Hearing people coming up to me and wanting to work with the Deaf and then fizzling out. Like, they will start learning and the glory and glitz is not there and many have fizzled out. That was a negative surprise. Another surprise was people who told me they wanted to work with the Deaf and I would slough them off, and they were the real thing! Like Joe Kotvas and Les Leckron.

Another surprise was, when we had the Deaf college, one Deaf man tried my patience until I blew my stack, and I regretted it. He was just refusing to submit himself to what we were trying to do in the college. There was one girl, who I thought she was my secretary but I later learned she was a volunteer, and and she got onto me for that.

Another time, there was a guy from Puerto Rico who visited and he used a dirty sign in church and I got onto him. He quit church because of that. I had to go to his house and apologize. There is just a right way and wrong way to do those things; I should have gone to him more privately.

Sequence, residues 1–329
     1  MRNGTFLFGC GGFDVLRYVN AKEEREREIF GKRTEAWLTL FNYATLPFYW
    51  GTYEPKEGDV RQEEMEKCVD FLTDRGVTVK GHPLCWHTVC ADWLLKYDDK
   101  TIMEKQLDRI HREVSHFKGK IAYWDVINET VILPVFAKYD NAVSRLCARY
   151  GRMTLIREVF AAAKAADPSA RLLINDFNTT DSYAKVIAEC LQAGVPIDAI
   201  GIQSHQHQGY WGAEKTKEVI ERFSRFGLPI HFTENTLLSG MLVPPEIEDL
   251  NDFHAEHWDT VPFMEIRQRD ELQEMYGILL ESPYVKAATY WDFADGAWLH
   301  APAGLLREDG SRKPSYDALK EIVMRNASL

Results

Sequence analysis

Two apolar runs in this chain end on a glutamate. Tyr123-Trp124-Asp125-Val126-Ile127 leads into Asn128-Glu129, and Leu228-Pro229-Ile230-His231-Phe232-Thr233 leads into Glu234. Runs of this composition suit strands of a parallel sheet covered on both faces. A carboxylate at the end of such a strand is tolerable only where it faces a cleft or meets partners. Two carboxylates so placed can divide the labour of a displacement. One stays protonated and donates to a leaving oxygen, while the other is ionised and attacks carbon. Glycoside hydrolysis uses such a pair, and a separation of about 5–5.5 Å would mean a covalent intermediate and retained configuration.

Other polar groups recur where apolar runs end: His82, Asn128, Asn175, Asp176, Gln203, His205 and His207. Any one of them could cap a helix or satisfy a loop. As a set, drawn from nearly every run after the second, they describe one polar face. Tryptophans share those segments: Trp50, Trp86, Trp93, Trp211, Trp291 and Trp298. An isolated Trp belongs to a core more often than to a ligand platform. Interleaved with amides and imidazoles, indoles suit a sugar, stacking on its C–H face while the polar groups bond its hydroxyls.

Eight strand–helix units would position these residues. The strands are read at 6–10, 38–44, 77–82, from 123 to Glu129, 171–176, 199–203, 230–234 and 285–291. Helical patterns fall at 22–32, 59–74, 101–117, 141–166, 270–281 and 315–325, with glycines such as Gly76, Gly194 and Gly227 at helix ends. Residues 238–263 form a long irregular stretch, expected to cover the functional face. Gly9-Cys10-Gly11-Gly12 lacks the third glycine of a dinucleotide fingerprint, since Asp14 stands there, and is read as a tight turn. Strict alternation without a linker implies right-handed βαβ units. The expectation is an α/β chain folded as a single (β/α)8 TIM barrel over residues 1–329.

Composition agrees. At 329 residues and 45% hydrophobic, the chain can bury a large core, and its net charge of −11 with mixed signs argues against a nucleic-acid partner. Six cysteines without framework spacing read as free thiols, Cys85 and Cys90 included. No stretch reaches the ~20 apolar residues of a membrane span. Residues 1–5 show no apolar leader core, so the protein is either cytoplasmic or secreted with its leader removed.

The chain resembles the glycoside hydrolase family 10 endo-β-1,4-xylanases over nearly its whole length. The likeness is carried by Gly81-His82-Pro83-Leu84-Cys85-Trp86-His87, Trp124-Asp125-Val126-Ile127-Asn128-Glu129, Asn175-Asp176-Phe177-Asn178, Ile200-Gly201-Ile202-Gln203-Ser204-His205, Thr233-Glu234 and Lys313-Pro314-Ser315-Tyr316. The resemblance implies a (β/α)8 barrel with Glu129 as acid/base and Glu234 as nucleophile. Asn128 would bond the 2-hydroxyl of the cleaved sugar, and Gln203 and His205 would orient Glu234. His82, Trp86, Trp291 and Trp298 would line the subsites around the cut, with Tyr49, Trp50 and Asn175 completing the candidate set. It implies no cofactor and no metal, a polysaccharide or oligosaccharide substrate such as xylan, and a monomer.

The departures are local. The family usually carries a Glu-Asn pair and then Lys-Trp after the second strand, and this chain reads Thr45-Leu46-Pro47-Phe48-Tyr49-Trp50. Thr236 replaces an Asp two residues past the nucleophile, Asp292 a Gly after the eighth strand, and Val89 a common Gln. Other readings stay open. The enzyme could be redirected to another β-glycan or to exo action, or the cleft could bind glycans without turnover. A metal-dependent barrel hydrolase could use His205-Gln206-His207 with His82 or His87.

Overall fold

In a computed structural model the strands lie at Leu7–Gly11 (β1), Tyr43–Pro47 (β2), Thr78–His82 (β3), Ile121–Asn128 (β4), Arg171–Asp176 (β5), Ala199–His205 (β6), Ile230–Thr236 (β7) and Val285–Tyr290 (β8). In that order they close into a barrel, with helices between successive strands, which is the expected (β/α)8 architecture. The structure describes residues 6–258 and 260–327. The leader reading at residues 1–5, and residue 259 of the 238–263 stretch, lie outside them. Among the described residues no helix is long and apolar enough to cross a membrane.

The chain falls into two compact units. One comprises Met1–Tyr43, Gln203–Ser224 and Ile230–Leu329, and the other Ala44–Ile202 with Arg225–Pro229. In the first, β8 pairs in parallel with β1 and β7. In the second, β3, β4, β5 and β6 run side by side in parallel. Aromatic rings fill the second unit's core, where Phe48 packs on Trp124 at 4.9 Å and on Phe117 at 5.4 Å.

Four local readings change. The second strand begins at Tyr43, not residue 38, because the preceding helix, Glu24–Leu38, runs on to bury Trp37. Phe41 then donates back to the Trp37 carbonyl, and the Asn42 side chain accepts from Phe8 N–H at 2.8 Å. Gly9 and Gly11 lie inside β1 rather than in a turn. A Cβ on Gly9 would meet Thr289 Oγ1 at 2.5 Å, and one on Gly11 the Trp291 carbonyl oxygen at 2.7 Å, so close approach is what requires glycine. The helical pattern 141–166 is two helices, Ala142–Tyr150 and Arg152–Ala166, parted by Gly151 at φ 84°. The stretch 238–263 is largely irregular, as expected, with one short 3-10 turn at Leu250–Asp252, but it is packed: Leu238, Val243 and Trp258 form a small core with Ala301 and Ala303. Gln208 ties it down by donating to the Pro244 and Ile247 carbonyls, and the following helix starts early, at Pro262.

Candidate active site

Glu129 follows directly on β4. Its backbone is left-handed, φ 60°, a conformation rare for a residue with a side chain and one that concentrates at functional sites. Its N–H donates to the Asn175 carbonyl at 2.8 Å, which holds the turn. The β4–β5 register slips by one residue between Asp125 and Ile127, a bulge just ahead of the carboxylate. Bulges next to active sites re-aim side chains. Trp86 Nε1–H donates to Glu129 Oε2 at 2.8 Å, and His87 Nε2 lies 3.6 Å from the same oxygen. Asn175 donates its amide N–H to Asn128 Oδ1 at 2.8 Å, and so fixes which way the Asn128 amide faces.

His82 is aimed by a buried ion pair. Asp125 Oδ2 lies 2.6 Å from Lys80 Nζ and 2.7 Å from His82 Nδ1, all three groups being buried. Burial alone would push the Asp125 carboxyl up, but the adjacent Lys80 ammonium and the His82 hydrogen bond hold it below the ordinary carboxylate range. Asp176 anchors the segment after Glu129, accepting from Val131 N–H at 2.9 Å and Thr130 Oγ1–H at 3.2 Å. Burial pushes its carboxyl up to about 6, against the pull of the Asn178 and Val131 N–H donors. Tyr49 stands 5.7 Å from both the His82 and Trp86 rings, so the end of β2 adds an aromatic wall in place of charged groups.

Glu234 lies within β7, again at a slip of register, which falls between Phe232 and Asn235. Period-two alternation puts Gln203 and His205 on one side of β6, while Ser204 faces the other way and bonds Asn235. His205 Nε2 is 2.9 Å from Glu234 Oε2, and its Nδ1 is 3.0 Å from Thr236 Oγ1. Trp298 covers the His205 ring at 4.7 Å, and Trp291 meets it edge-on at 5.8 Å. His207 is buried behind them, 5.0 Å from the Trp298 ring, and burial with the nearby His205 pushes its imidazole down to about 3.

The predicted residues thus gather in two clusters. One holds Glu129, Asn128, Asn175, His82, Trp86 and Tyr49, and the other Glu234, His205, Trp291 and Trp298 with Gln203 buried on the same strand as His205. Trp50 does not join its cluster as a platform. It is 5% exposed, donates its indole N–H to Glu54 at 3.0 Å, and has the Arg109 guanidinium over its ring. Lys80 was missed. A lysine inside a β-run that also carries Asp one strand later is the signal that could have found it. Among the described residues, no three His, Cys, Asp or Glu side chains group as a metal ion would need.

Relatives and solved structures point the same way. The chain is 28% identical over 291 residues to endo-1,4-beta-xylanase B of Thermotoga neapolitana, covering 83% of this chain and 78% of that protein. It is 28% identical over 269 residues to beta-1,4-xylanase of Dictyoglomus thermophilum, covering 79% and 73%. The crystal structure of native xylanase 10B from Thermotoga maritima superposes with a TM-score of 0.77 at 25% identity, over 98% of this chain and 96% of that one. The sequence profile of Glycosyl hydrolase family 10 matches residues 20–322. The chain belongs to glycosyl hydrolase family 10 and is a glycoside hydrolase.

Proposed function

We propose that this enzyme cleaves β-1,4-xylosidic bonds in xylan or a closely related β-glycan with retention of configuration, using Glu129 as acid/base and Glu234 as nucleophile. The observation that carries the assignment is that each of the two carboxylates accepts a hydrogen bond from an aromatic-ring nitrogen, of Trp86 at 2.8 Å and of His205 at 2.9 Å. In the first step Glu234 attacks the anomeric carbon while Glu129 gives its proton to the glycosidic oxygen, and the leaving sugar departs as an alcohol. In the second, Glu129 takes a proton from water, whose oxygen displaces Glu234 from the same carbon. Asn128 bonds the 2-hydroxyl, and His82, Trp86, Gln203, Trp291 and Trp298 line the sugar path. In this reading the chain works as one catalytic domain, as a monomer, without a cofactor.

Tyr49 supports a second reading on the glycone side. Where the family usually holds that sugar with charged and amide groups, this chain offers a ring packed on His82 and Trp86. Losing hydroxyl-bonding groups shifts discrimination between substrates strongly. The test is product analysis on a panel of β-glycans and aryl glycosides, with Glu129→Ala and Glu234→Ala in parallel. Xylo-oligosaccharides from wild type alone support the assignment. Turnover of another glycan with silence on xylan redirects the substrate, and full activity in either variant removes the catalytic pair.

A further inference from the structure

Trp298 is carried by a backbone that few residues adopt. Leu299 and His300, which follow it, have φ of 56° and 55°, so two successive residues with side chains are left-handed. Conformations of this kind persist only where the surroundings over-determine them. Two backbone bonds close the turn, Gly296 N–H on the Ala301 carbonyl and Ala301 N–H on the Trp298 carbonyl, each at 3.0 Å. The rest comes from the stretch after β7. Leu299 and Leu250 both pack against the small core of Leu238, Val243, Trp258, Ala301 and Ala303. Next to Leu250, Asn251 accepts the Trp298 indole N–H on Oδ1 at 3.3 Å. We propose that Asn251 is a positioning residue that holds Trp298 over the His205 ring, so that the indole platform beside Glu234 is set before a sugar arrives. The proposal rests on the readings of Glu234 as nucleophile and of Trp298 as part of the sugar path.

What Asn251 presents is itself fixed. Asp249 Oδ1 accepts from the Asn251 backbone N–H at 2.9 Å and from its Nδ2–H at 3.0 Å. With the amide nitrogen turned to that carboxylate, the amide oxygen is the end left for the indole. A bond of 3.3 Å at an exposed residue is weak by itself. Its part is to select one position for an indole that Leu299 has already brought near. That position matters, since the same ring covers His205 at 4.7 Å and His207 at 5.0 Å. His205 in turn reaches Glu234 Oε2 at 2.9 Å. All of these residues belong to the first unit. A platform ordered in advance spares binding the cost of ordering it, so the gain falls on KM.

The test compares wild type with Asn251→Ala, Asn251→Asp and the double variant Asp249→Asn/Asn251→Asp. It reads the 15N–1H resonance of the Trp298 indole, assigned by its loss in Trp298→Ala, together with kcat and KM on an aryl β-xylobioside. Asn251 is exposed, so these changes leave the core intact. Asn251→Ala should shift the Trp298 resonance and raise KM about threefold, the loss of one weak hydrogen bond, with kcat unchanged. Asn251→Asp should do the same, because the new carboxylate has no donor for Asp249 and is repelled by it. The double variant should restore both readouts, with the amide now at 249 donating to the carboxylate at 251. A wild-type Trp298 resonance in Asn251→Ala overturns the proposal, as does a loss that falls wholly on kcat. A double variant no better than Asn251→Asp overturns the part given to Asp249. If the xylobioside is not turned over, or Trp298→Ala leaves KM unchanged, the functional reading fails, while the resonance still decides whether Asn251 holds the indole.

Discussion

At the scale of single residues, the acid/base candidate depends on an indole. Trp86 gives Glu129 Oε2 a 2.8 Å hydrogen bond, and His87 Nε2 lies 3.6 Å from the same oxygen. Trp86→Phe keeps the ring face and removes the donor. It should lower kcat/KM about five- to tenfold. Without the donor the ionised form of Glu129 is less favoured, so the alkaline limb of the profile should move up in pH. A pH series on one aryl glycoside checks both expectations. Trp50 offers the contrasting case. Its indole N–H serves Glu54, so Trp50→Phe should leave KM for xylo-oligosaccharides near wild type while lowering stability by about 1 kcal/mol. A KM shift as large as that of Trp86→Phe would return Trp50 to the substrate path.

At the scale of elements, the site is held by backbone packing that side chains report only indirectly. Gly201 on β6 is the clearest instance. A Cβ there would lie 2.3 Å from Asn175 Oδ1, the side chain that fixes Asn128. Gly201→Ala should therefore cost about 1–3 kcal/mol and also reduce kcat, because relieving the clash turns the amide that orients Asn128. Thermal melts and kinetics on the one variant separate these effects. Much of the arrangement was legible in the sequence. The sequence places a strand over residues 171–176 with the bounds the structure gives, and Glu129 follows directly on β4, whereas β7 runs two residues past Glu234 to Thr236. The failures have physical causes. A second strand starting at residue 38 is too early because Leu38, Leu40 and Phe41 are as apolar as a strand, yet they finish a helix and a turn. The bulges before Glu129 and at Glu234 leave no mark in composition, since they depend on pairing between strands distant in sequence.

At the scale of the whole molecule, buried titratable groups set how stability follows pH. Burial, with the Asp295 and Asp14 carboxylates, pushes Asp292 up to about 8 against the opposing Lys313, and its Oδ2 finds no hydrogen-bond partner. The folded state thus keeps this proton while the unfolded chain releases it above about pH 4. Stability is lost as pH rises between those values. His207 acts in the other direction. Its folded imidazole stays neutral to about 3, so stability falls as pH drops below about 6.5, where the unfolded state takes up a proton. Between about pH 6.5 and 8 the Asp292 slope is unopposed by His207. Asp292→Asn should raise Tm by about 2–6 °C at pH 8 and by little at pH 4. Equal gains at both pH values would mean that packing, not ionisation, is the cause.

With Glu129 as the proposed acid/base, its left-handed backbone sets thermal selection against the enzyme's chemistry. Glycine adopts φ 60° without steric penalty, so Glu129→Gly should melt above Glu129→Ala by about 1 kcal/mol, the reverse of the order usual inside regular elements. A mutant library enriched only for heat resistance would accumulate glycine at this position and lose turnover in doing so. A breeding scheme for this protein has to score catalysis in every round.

What advice would you give to people wanting to start serving in a Deaf Ministry?

I’d orient them. Let them know it’s not easy to work with the Deaf. It’s not good to give people an impression that it’s so good and easy and they’ll love it. I don’t want to paint a false picture. I’d encourage them to attend Deaf classes and activities. I struggle with that, because there are people that want to learn ASL and they don’t want to be involved with the Deaf. I don’t know anyone who learned ASL and become a good interpreter who hasn’t been involved with the Deaf. For them not to criticize the Deaf and their signs, and to have an attitude of being teachable and to want to learn.